Silent Walk

Silent Walk. Photograph by Michael Schor, 10/30/2012. PR 20

“A mother and child walk down Beach 119th Street to survey the damage.”

Rockaway on Fire. Photograph by Michael Schor, 10/30/2012.  PR 20

Rockaway on Fire. Photograph by Michael Schor, 10/30/2012. PR 20

“A fire burns down local stores at Rockaway Beach Boulevard  near Beach 116th Street.”

Before and After. Photograph by Michael Schor, 10/2012. PR 20

” The Harbor Lights Pub, a mainstay of Rockaway Park, burned to the ground on Oct. 29. “

The Morning After. Photograph by Michael Schor, 10/30/2012.  PR 20

The Morning After. Photograph by Michael Schor, 10/30/2012. PR 20

“Rockaway residents stare at the remains of their boardwalk the day after Sandy.”

The Boardwalk After. Photograph by Michael Schor, 10/30/2012.  PR 20

The Boardwalk After. Photograph by Michael Schor, 10/30/2012. PR 20

“The boardwalk was pulled from it’s concrete pilings and hurled into nearby buildings.”


Concerning Spooks: The Spiritualists of New York

This post was written by Kate Burch, Library Page

The Fox Sisters, Margaret, Catherine (Kate), and Leah. PR 052, Portrait File.

The Fox Sisters, Margaret, Catherine (Kate), and Leah. PR 052, Portrait File.

In March of 1848, Kate and Margaret Fox, teenagers living in Hydesville, New York, reported something fantastic: they had developed a system of communicating with the dead. Their home, in a small hamlet near Rochester, was rumored to be haunted, and for months the family had been woken in the night by loud knocking sounds. On March 31, Kate challenged the ghostly knocker to repeat the pattern she tapped out. To the astonishment of the family, it did. The sensational story of the young mediums captivated the citizens of New York. In the excitement, Kate and Margaret were sent to live with their older sister Leah in Rochester, but the mysterious knockings followed them. Soon, the Fox Sisters began holding public séances all over New York State.

Drawing on religious revivalism and novel scientific discoveries like electricity and magnetism, the Spiritualist movement attested that the souls of the dead resided in an astral realm and could communicate with the living. Through travelling medium shows that exhibited spirit-rappings, table-tippings, and thought-readings, as well as published communiqués from famous dead people, the doctrine of Spiritualism spread quickly across America. The idea was irresistibly fascinating, and the believers ranged from common people to prominent judges and politicians. Columbia University held symposiums on the topic. In 1854, a group of New York spiritualists petitioned Congress to use their newly-installed electromagnetic telegraph to open a line of communication between Heaven and Earth. (The Senate tabled the proposal.)

The Spiritual Telegraph was the most popular Spiritualist publication, issued in New York from 1853 until the Civil War. (Newspaper Collection)

The Spiritual Telegraph was the most popular Spiritualist publication, issued in New York from 1853 until the Civil War. (Newspaper Collection)

George Templeton Strong, a New York City lawyer and diarist, wrote frequently on Spiritualism, which interested him as an intellectual possibility.

The Davenport Brothers, from Buffalo, had a traveling medium show in which they communicated with the dead using a "spirit cabinet". (SY1873 no.83)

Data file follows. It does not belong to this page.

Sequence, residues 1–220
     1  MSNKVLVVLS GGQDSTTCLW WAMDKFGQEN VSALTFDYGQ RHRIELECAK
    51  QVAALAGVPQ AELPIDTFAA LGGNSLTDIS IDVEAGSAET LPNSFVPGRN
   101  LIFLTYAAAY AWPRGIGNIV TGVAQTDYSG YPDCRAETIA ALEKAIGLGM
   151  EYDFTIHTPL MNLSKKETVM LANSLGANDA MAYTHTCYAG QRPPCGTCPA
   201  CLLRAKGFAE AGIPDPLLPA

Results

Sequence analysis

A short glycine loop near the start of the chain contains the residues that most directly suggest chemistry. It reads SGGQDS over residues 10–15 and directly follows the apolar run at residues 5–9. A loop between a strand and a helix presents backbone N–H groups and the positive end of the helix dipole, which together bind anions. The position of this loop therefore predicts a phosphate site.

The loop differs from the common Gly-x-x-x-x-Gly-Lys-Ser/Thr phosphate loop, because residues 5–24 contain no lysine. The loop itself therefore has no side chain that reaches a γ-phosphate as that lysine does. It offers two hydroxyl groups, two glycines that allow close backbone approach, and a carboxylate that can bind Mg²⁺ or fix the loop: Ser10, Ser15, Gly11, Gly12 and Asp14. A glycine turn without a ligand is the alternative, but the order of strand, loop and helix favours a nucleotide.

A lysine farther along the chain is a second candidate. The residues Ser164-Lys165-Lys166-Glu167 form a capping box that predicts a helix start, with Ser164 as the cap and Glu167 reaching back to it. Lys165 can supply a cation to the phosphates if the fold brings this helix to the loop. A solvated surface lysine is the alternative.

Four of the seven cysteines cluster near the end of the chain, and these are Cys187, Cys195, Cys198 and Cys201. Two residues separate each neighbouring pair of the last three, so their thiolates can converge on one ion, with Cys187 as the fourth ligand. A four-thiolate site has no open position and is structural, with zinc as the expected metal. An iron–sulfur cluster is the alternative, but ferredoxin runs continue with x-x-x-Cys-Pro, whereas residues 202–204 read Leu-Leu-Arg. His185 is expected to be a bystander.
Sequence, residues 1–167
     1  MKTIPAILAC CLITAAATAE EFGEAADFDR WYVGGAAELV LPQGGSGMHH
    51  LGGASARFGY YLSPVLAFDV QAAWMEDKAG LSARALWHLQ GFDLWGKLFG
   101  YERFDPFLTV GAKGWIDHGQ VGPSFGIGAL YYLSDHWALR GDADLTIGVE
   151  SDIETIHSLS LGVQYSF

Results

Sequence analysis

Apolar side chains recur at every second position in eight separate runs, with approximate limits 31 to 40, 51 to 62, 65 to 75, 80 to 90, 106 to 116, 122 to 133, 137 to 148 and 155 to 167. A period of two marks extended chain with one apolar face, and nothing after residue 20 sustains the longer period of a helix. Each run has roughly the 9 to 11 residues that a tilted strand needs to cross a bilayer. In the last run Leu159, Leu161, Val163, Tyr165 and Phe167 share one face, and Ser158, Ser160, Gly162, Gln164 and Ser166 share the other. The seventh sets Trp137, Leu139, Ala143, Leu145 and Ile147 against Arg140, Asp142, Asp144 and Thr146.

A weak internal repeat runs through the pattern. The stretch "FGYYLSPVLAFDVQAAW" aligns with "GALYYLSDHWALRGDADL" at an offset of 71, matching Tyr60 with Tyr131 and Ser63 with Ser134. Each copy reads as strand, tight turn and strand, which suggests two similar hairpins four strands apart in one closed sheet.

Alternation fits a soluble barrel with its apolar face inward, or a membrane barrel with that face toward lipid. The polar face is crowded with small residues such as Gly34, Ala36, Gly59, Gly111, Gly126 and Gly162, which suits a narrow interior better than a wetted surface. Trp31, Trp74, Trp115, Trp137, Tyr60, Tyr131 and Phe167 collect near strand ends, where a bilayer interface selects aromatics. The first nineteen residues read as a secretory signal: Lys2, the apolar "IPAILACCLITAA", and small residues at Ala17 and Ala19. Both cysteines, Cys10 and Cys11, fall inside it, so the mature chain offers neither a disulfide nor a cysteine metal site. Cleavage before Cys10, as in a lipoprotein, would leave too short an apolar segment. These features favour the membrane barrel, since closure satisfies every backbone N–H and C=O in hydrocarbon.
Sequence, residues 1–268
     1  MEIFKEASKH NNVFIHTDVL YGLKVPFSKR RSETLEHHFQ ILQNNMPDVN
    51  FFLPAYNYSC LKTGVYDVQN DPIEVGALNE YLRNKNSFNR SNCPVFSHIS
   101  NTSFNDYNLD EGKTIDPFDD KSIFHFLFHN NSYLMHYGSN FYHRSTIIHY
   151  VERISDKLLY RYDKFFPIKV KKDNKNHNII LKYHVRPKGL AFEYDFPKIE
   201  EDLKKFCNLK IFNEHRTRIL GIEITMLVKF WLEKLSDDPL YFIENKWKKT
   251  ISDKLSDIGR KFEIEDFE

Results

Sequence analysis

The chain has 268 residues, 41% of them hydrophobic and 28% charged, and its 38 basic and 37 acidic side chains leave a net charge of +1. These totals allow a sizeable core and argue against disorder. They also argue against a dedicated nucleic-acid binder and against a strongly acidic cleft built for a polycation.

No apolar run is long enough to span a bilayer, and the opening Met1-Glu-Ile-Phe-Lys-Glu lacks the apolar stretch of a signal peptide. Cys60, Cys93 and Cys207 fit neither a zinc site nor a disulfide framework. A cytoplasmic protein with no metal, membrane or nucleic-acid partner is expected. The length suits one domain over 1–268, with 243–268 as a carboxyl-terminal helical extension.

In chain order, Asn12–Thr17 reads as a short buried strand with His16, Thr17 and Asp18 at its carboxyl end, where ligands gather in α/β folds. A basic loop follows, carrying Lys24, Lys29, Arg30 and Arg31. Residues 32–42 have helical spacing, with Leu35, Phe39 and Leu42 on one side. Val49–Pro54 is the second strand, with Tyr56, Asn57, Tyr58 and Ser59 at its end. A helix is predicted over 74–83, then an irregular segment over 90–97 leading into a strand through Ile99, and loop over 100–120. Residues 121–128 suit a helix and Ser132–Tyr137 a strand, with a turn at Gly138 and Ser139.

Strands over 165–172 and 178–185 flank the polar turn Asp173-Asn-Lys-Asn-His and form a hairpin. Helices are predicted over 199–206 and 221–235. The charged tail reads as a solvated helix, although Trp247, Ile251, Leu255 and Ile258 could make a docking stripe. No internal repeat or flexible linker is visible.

The Davenport Brothers, from Buffalo, had a traveling medium show in which they communicated with the dead using a “spirit cabinet”. (SY1873 no.83)

On June 16, 1850, he spoke of being “mystified” by the Rochester knockings and speculated that,“all things considered, it seems much more likely to me that some obscure, occult, mysterious, but natural agency would be concerned, if anything but adroit humbug is concerned in the matter.” He and his discerning friends held private séances with Leah Fox and other mediums. While Strong remained a skeptic, he was impressed by the performances he witnessed, noting in 1852 that “[i]t is a strange chapter in the history of human credulity at all events, and as such worth investigating.” (The Diary of George Templeton Strong, F128. 44 .S925 1988).

The proponents of Spiritualism imbued their beliefs with scientific proof. Experiments were conducted to investigate the existence of the soul and the possibility of mind reading. One 1925 publication attests, “[c]ertain Dutch physicists have, indeed, calculated [the soul’s] approximate constitution. Its weight is said to be ‘about 12.24 mgs lighter than hydrogen, and 176.6 mgs lighter than air’.” (BF1031 .W168 .1925). Charles White Kellogg, a New York diarist and a believer in Spiritualism, conducted his own experiments, consulting the spirits aided by a system of knocking and a planchette (a device similar to a Ouija board). He kept a record of his communications, which included advice from his dead mother and inquiries on the philosophy and science of the soul.

The Brooklyn Daily Eagle, December 6, 1899.

The Brooklyn Daily Eagle, December 6, 1899.

Of course, many people doubted this new religious science of talking to the dead. Many Christians dismissed Spiritualism as fraud combined with devil worship, and noted that the séance was a convenient excuse to “… mingle males and females….. in the same circle…. and then put out the lights!” (Spirit Rappings Unveiled, BF 1042 .M38)

The New York Times, April 15, 1922.

The New York Times, April 15, 1922.

Other skeptics included scientists and entertainers, who were eager to expose the showmanship and trickery of the Spiritualist performers. Harry Houdini had a long-running feud in the Letters to the Editor of the New York Times with Sir Arthur Conan Doyle, the creator of Sherlock Holmes and a fervent believer in the spirit realm. William Sidney Mount, a contemporary of the Hudson River School, warned his friend T. H. Hadaway in an 1855 letter that he had heard from a friend that a prominent medium was planning on writing a tell-all book that would expose Spiritualism as a fraud and name all the public figures he had successfully hoodwinked. (MSS William S Mount Papers)